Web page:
that it is possible to overcome many steam turbine lubricaton issues through selecton of a well-formulated turbine lubricant,
accompanied by an entre program to ensure successful service of the lubricant.
Background
In simple terms, a power turbine is a device that converts rotatonal energy into electrical energy. The rotatonal energy comes
from various sources from which each type of turbine derives its name. Common names include steam turbines, gas turbines,
wind turbines and hydro turbines. This paper is dedicated to steam turbines. As the name would suggest, water is heated by
various means, such as burning coal or through nuclear reactons, untl it becomes water vapor, or steam. The steam travels
through blades atached to a shaf, thus causing the shaf to turn. The rotatng turbine transfers the rotatonal energy to a
generator that produces electricity.
Livingstone, Fluitec
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Steam Turbine Oil Challenges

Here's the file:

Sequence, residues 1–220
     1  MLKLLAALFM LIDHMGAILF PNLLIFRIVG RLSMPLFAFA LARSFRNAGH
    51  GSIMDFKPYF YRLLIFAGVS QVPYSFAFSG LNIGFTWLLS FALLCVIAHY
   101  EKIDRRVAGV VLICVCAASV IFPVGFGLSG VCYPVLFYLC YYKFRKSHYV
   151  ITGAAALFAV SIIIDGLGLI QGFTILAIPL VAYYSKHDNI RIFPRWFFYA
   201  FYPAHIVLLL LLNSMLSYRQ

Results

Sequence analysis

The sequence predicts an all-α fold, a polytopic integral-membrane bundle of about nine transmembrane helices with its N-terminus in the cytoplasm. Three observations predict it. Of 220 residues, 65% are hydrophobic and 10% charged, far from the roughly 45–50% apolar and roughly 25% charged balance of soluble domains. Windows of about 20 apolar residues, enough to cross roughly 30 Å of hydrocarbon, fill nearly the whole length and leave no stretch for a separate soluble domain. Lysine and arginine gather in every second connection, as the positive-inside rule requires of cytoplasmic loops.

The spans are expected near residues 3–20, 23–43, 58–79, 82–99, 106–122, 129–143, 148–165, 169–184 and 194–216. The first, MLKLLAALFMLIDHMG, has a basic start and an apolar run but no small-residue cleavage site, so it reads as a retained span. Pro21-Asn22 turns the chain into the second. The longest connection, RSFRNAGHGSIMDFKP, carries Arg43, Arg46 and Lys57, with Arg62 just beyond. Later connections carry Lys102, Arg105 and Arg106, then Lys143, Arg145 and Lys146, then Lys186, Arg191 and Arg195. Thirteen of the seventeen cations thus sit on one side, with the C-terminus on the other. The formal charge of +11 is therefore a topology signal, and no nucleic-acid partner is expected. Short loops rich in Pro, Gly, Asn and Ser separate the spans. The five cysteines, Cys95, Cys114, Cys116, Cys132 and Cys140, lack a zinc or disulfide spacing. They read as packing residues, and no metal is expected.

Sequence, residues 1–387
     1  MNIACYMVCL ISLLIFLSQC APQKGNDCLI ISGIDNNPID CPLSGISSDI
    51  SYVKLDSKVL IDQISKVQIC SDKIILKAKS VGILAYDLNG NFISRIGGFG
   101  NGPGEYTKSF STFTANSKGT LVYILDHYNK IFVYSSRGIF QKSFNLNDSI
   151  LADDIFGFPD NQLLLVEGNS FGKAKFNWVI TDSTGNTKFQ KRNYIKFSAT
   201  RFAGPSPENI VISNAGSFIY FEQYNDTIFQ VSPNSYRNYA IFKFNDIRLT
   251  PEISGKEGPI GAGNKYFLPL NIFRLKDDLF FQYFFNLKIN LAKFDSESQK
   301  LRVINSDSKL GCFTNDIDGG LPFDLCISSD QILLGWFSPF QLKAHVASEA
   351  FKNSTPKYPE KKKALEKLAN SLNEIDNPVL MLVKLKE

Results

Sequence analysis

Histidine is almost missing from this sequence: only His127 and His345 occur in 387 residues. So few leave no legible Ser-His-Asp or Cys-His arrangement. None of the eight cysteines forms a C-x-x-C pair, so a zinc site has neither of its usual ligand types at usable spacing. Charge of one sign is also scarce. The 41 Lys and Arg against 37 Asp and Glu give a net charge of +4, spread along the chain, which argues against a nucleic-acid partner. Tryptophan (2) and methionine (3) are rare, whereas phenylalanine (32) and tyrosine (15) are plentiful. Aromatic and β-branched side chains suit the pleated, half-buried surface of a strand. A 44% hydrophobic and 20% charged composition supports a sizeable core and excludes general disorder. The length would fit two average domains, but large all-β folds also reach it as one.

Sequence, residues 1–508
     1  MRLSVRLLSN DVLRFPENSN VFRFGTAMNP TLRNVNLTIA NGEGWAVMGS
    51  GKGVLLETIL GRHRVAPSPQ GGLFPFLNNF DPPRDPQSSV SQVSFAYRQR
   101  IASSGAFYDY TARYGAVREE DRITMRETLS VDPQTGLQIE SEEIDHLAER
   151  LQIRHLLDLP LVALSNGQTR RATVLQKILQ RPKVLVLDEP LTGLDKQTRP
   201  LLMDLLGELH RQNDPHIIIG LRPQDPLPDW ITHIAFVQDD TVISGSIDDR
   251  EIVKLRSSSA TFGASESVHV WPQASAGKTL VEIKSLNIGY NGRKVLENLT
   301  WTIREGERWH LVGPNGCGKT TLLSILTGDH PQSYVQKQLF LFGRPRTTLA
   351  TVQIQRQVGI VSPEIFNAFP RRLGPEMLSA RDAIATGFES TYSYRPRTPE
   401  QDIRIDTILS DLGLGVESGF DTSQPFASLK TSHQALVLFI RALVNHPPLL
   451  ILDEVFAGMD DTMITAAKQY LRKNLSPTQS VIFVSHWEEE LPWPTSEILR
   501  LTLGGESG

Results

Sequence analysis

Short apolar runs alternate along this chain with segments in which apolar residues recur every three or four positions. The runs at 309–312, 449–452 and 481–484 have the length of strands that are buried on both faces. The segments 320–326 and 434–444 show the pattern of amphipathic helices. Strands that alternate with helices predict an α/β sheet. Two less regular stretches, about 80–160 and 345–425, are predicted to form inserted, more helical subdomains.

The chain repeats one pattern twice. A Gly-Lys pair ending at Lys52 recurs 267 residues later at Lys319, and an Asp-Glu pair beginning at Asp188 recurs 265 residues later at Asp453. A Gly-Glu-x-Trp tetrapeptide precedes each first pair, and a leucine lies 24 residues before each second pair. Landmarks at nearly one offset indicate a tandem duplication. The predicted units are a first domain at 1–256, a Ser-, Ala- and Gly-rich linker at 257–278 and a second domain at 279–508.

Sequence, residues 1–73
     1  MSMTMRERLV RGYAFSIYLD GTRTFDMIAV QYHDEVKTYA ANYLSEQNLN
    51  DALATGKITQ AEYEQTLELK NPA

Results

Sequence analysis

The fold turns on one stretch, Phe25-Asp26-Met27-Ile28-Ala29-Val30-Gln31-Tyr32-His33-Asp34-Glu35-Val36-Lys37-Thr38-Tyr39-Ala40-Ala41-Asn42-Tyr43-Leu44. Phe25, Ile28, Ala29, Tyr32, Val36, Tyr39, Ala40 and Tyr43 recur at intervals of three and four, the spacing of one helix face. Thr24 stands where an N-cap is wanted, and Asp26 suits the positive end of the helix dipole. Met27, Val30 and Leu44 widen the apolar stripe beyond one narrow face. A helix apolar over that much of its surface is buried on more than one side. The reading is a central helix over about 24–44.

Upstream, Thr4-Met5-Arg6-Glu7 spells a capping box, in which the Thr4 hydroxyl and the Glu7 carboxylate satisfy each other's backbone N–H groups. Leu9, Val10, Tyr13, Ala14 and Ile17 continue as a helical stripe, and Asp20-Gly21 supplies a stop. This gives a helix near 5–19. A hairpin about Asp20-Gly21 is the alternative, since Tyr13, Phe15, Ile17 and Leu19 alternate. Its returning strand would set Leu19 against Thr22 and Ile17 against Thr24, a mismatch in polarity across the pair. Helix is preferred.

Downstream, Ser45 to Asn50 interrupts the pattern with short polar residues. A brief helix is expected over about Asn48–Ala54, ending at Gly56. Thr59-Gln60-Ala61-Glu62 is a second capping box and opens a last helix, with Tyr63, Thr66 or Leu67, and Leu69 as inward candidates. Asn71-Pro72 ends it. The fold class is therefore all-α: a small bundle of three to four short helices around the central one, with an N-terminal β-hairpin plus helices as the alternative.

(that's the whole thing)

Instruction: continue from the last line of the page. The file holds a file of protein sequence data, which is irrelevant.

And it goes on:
3 2012 Lubricaton Engineers, Inc.
For the turbine shaf to move freely, it rides upon several lubricant-flled bearings. These bearings are usually simple bearings into
which the lubricatng oil is pumped under high pressures. The oil lubricates the bearing through hydrodynamic lubricaton. The
bearings and the shaf are separated by a pressurized flm of oil to prevent any metal-to-metal contact.
Figure 1 is a simple illustraton of the general components and travel route of turbine oil in a steam turbine lubricaton system.
Along with providing lubricaton to the shaf bearings, the lubricant also lubricates the oil pump, and in some systems is used as a
turbine control fuid in the hydraulic governing system. Many steam turbines have an isolated governing system that contains its
own fuid. In order to ensure that the high-pressure lubricant is properly supplied to the bearings, it is pumped from an oil tank
(reservoir), through an elaborate system of fow control valves, an oil cooler, through the bearing, and fnally back to the oil tank.
The oil is constantly agitated as it circulates through the system. This agitaton is important to note, as it provides both benefts
and challenges for the oil during its lifetme in the turbine.
Figure 1
Lubricant formulaton
In its simplest form, a lubricant can be described as two major components: base fuid and additves. As compared to other
lubricant formulatons, such as engine oil, turbine oil formulatons are considered rather simple. Table 1 provides a summary of
common turbine oil components. For example, engine oil formulas ofen contain as much as 10 to 20 percent additves, while most